Professor in political science Gunnar Helgi Kristinsson said the Social Democrat-Left-Green coalition has been weak for a long time; it has even been referred to as a minority government.
Inside the Icelandic parliament. Photo by Páll Kjartansson.
It is uncertain what impact the resignation of MPs Atli Gíslason and Lilja Mósesdóttir from the coalition yesterday will have on the government, he told RÚV.
The question is whether their resignation only weakens the coalition symbolically and for a short period of time or whether it will have a long-term impact, Kristinsson said.
That depends on how matters will progress within the Left-Green Movement, he reasoned, pointing out that it has been obvious for some time that other members of the party have also had doubts about various aspects of the coalition’s policy.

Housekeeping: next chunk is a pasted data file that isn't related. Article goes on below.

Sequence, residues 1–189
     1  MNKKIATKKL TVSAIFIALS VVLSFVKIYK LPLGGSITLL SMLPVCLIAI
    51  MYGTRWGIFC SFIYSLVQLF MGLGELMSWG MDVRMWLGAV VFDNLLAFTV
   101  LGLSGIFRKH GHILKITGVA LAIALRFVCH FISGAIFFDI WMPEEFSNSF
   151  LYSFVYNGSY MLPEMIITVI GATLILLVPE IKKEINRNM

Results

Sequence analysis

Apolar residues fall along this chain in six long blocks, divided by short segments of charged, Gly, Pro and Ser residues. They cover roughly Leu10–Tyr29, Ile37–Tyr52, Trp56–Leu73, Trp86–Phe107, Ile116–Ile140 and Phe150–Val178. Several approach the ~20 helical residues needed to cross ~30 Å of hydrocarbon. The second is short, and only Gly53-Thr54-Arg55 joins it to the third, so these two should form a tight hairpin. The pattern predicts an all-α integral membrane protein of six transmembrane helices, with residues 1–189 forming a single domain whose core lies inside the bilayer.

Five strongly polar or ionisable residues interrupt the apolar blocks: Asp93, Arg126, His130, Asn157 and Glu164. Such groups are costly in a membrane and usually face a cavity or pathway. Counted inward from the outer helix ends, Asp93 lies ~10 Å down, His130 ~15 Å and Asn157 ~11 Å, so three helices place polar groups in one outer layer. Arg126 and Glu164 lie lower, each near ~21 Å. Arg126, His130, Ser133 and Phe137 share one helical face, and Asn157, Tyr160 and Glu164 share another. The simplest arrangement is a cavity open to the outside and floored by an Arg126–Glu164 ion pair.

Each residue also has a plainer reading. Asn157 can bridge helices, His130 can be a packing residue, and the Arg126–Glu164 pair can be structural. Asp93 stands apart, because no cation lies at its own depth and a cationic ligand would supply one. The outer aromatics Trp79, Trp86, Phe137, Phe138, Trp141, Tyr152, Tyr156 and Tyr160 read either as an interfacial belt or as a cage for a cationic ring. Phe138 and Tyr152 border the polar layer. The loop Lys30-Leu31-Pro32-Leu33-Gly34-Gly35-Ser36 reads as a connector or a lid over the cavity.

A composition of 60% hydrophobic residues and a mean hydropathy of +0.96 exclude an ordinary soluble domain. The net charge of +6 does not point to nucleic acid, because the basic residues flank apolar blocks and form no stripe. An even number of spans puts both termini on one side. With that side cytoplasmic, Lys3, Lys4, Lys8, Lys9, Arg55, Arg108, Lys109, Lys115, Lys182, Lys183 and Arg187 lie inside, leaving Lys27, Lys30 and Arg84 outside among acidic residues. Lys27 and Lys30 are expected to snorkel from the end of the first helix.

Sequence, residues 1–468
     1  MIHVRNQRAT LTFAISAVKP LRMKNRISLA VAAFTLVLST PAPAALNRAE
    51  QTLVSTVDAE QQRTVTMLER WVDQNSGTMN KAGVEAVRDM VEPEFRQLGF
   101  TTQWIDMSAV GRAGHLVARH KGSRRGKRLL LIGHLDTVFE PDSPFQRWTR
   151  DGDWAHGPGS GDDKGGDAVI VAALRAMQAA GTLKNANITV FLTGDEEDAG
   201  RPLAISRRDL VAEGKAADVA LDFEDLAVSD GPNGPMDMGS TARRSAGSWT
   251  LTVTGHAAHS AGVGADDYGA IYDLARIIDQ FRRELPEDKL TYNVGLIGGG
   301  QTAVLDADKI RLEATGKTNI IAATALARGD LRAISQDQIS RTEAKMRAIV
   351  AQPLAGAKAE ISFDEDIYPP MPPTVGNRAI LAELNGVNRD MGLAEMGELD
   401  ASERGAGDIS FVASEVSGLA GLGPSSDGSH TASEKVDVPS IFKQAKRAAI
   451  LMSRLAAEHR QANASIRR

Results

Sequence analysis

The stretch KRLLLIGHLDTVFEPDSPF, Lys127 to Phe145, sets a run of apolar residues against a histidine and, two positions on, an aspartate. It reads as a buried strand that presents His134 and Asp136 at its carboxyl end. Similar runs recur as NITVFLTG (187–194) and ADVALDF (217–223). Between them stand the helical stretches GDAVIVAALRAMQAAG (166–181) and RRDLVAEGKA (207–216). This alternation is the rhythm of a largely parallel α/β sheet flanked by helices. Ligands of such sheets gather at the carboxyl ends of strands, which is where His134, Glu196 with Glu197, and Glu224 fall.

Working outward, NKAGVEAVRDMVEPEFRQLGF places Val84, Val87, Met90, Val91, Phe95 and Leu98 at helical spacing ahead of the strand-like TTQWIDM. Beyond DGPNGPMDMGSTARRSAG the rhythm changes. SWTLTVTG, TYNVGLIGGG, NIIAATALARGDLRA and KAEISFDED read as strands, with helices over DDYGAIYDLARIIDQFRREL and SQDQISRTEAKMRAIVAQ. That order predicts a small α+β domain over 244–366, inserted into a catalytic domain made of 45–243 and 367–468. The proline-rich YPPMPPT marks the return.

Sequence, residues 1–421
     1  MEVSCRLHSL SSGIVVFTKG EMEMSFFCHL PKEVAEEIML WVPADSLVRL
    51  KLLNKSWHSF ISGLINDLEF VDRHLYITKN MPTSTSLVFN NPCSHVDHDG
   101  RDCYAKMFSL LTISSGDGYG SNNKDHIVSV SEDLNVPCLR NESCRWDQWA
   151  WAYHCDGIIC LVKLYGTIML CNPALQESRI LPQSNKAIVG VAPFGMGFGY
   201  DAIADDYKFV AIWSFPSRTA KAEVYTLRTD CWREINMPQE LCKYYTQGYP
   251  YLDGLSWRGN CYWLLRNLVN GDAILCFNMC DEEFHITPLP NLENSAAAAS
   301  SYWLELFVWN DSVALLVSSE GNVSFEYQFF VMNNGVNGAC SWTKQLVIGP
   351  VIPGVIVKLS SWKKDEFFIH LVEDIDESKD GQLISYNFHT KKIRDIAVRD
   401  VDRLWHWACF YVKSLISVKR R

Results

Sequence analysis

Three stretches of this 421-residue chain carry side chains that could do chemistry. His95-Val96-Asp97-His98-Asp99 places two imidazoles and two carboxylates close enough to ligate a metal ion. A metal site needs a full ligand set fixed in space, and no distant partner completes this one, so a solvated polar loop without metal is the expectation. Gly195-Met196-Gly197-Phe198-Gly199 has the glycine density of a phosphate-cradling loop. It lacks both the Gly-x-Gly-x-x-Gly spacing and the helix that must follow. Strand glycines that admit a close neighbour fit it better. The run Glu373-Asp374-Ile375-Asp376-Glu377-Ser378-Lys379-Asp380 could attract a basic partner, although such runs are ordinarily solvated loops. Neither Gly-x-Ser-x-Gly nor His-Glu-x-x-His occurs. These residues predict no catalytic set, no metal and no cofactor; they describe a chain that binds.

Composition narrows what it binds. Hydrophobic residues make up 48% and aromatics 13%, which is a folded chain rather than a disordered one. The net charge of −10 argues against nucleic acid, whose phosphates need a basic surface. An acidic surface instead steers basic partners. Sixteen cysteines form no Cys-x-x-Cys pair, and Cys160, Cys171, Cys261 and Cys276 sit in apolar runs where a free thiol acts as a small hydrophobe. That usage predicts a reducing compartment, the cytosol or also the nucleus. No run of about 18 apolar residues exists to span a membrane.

Kristinsson wonders what Left-Green MP Ásmundur Einar Dadason will do because he has often sided with Gíslason and Mósesdóttir. Their resignation might strengthen his position and that of other Left-Green members who have been critical of the coalition.
It appears as if the coalition is being held together by the sincere intention of the coalition leaders, Prime Minister Jóhanna Sigurdardóttir and Finance Minister Steingrímur J. Sigfússon, who are determined to continue with their cooperation, and therefore is not appealing for other parties to join the coalition, Kristinsson concluded.
The coalition now has a narrow majority in parliament, 33 MPs against the opposition’s 30.
Click here to read more about Gíslason and Mósesdóttir’s resignation.